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Performance Rights Societies

Performance Rights Societies (“PRS”) or performance rights organizations perform intermediary functions such as collecting royalties for non-dramatic performances of intellectual property.  Performance rights societies are responsible for the copyright licenses of the performance of works.  A license from the owner or the licensing agent is required to use a song or copyrighted work.  The majority of licensing for music performances in the United States is conducted under the auspices of the following three performance rights societies: (1) the American Society of Composers, Authors, and Publishers (“ASCAP”); (2) Broadcast Music, Inc. (“BMI”); and (3) the Society of European Stage Actors and Composers (“SESAC”).

PRS’s collect the royalties from radio stations, TV stations, programming companies, Internet marketers and any other entity where music and related intellectual property is used.  These royalties are paid to the various publishers and authors associated with a particular recording or performance.  An individual has to pay an annual fee for the privilege to perform an unlimited number of performances of one or more of any of the works derived from the performance rights societies’ respective catalogues.  In addition to such blanket licenses, a per program license, on a monthly basis, may also be obtained.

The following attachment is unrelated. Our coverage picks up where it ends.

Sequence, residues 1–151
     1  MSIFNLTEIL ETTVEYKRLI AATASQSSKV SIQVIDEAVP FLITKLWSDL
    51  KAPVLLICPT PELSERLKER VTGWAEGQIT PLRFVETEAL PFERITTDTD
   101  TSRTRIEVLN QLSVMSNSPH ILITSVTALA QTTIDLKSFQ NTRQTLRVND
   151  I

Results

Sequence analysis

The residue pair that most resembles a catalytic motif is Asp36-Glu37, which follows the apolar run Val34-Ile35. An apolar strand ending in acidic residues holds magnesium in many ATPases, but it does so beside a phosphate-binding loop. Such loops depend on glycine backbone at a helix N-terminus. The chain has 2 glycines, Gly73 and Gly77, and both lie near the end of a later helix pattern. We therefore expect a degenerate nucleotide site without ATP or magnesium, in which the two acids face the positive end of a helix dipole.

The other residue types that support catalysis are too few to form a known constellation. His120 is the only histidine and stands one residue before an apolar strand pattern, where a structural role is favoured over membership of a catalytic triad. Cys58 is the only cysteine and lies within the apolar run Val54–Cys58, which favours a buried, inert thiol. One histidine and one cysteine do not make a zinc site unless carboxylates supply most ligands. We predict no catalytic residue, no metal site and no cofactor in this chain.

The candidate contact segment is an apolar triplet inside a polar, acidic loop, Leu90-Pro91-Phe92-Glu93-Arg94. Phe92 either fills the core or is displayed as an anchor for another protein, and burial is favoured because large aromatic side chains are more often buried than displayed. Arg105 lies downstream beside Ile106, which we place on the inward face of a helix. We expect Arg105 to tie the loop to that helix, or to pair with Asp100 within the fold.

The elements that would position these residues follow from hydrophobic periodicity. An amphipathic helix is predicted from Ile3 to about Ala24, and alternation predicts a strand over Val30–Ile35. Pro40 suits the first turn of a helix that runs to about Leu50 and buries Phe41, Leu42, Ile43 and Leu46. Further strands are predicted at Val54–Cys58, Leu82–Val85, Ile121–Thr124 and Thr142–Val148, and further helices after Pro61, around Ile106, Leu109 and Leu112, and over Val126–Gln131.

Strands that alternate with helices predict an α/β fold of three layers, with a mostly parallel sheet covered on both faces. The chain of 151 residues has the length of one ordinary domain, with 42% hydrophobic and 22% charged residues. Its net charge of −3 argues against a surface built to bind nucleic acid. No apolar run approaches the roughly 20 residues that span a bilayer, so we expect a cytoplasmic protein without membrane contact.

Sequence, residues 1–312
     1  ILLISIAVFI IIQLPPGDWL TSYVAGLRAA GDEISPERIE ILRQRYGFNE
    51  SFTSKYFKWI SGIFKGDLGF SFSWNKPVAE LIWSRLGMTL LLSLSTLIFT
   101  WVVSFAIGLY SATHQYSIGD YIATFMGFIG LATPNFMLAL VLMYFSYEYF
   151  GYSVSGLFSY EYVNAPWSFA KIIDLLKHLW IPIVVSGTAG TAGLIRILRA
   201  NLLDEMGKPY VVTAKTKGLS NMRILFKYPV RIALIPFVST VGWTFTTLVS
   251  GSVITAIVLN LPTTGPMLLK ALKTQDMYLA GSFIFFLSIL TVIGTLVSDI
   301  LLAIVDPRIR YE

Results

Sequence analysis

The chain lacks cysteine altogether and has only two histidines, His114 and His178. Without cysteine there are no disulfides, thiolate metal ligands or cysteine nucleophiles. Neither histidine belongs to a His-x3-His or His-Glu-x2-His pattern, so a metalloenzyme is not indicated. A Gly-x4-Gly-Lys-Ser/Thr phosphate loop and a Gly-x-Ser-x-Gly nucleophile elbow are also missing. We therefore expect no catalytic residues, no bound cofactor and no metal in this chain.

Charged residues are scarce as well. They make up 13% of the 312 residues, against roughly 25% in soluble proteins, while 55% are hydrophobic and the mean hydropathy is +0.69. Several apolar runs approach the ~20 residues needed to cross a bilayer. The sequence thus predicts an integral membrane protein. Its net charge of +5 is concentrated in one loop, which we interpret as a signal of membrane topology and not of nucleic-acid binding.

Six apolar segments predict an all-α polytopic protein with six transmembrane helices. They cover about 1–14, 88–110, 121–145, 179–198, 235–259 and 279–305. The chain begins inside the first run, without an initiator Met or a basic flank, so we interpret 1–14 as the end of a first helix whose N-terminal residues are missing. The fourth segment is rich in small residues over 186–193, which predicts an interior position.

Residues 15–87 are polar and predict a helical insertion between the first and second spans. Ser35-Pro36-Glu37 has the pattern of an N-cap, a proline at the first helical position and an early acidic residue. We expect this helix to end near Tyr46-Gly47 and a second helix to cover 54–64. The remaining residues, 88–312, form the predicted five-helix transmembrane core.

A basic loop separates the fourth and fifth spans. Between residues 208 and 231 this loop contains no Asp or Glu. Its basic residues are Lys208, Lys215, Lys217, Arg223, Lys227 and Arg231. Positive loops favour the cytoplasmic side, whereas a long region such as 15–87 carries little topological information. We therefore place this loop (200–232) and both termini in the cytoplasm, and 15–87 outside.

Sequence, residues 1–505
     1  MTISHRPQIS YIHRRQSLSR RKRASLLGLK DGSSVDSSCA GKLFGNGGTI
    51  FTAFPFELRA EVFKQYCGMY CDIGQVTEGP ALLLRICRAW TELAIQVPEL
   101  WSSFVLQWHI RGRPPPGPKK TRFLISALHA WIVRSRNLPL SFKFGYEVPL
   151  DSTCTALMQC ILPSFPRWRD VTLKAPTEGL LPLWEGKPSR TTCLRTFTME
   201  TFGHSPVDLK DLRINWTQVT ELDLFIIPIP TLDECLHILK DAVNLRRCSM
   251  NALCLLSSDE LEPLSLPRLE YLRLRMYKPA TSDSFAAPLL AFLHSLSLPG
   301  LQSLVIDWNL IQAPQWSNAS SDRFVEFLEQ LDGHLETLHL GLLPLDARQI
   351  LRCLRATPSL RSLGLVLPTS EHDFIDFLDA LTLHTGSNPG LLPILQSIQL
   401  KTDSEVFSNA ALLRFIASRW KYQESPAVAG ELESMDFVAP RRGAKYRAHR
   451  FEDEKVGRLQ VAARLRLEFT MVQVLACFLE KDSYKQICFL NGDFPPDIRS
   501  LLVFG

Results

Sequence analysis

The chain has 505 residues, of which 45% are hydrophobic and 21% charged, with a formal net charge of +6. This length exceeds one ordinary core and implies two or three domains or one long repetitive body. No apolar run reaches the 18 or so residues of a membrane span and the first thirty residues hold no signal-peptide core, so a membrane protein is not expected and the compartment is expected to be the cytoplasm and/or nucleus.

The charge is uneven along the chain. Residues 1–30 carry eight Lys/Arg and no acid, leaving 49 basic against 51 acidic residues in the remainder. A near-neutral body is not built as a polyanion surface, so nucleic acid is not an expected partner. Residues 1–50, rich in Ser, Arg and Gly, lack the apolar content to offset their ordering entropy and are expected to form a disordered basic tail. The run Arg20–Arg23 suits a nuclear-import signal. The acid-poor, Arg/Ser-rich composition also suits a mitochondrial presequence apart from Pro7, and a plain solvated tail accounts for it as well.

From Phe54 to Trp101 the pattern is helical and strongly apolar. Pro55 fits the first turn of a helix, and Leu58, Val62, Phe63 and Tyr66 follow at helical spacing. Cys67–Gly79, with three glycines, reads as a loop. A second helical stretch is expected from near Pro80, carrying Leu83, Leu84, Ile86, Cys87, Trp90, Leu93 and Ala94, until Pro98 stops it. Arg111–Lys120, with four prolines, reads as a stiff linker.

Individual artists and song writers have limited resources and time to collect royalties from various parties that use their music or work, even though they are entitled to those royalties by the authority of law.  This is where the performance rights societies come in to play.  Artists rely on PRS to locate public performances and to collect royalties.  PRS usually collect royalties only when use of a work is incidental to an organization’s purpose.  In addition to collecting royalty, PRS can also bring the alleged violators to law. Additionally, PRS also publish statistics of publicly performed works.  After receiving payment, a performing rights society distributes royalties to the music writer and publisher.  Performing rights societies often have authorization from members to bring suit against infringers.

Performing rights societies provide a valuable service to musicians by protecting their collective economic interests.  PRS represent artists and creators of copyrighted material and collect license fees for public performances of the copyrighted material in their repertoire.  Performance rights societies are a necessary and helpful medium for musicians and publishers to get what is lawfully due to them.

Inside Performance Rights Societies